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Cornell’s smart bombs test Cats’ thick ‘D’

jtipton@herald-leader.comMarch 24, 2010 

SYRACUSE, N.Y. — Cornell publicist Jeremy Hartigan didn't know Cornell's precise graduation rate.

"But I'm comfortable in saying almost every year, it's 100 percent," he said.

The lead-up to Kentucky's NCAA Tournament game against Cornell on Thursday night has seemed like one long salute to how smart the Big Red players are. But just how brainy are those brainiacs with the pressure on?

The Cats are betting their defense makes all that talk about Cornell's smarts and experience melt away.

"We just have to play our defense, play like we normally do," reserve big man Josh Harrellson said Wednesday. "Get up in them. Get them out of their sets. And try to make them play with us."

It's a compelling argument. Kentucky (34-2) got to be the top seed in the East Region with stout defense. UK has held opponents to 37.9-percent shooting, which ranks fourth nationally.

Cornell (29-4), the 12th seed in the East Region, counters as one of best shooting teams in the country. The Big Red rank 12th nationally in overall shooting (48.6 percent) and are especially dead-eye from three-point range, ranking first in accuracy (43.5 percent) and third in treys per game (9.7, on average).

Jon Jaques (pronounced Jakes), one of Cornell's six players shooting 39.3 percent or better from beyond the arc, noted the Big Red's shooting ability is undisputed.

"We played two outstanding man-to-man defensive teams in the last two games and did well against them," said Jaques, one of the team's eight seniors.

That would be Temple and Wisconsin.

Wisconsin had held opponents to an average of 56 points before Cornell paddled Bucky Badger 87-69 in the second round Sunday. That marked the most points Wisconsin had yielded in four years.

In beating Wisconsin and Temple (78-65), Cornell made 17 of 38 three-point shots. Overall, Cornell has made 10 or more three-point shots in 18 games this season.

Early this season, Kentucky seemed vulnerable to three-point shooting. Not so much lately. Other than the two games against Mississippi State, UK has not surrendered 10 or more treys since Dec. 29.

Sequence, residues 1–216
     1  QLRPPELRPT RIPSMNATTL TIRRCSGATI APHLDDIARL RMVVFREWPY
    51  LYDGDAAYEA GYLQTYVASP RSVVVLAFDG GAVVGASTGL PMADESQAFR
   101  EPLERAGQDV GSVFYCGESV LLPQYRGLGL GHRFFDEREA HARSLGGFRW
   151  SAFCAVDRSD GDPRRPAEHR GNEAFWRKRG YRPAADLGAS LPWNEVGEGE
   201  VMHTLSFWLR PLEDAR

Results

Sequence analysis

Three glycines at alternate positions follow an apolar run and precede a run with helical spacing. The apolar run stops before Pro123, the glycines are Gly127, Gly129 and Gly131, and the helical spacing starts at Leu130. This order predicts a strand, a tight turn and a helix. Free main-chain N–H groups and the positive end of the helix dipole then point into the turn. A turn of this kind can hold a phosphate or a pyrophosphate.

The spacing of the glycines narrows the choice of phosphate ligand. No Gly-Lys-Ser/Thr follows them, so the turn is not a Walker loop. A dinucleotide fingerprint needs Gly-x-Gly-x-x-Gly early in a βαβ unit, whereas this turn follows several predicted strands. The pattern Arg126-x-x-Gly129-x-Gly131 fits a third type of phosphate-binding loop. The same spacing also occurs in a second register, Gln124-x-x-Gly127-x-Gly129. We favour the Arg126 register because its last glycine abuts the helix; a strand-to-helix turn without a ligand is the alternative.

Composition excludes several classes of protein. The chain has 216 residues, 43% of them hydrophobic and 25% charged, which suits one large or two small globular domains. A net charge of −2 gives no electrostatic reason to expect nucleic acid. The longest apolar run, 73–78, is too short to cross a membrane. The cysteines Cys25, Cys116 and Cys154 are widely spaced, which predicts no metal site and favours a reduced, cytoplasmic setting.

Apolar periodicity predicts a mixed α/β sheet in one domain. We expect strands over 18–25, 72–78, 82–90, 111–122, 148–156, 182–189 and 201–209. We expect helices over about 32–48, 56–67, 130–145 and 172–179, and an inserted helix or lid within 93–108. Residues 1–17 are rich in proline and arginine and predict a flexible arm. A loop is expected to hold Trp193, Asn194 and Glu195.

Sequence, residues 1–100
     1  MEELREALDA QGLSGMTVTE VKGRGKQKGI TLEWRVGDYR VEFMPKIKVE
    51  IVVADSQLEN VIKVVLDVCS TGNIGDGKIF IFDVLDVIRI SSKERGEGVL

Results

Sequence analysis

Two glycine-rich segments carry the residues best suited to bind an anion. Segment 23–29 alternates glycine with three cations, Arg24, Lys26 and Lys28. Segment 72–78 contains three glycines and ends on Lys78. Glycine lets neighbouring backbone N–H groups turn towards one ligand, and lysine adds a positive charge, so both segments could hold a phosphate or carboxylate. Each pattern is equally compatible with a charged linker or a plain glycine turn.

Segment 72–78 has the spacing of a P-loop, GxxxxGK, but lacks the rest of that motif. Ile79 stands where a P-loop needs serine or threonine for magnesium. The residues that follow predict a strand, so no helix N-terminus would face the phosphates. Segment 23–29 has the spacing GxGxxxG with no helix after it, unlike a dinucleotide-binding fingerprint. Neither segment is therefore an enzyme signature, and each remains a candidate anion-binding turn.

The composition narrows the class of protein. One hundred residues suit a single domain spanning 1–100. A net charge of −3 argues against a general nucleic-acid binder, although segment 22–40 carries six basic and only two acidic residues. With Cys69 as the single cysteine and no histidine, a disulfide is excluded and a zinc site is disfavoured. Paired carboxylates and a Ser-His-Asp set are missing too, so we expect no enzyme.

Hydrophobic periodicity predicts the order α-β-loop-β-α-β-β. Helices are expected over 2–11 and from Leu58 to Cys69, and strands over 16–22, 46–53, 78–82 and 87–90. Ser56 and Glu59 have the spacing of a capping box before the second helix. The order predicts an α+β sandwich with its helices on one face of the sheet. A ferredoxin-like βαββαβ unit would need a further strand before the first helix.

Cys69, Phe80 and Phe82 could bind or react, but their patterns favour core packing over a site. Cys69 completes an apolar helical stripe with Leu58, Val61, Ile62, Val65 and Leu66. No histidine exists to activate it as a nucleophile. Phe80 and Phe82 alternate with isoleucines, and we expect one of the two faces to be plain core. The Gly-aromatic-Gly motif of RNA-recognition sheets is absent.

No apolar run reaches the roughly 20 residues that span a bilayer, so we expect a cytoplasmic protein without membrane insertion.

Daniel Orton noted how the Cats tightened up the three-point defense, especially in transition, the old-fashioned way: through practice. "Getting punished," he said when the defense failed.

UK has a plan for those Cornell marksmen, led by Ryan Wittman, the son of former Indiana star Randy Wittman and a top 10 national shooter (No. 7 in accuracy, No. 8 in treys per game).

"Make them put the ball on the floor," Eric Bledsoe said, "and run into our trees down low."

Of course, Cornell has some tall timber around the basket in 7-footer Jeff Foote.

"We can go into Jeff," Max Groebe said when asked about the Big Red's reliance on three-pointers. "But hopefully (the threes) are falling for us."

Since Selection Sunday, analyst Jay Bilas, who will work the telecast for CBS, has boldly and repeatedly predicted Cornell would advance to Saturday's East Region finals. He continues to believe Kentucky must play well in its plan to disrupt Cornell.

"You're not going to play less than well and beat Cornell," Bilas said.

When asked about Cornell's style, UK Coach John Calipari mentioned Princeton's famous devotion to patterns and back-door cuts.

Bilas mildly disagreed when a reporter suggested the same thing.

"That connotes that they hold the ball," he said. "They don't. They just scored almost 90 points against Wisconsin. They take good opportunities in transition and shoot it. They're efficient, and they score. And they're not afraid of anybody. They just about won at Kansas."

Bilas likened Cornell to Davidson, which won the nation's heart by advancing to a region final two years ago.

"Now they're not as good as Kentucky, but so what?" Bilas said of Cornell. "Davidson was not as good as a lot of people. They weren't as good as Georgetown, but Georgetown lost to them."

Like any team, Cornell is most comfortable when running its system.

But Groebe insisted the Big Red will shrink to insignificance if Kentucky's defense takes away those practiced patterns.

"Most of us having been playing together so long, we just play," Groebe said. "It's not like we're running sets all the time. If they try to take us out of something, we'll figure something out on the fly."

That's exactly what Kentucky wants those smart guys from Cornell to do.

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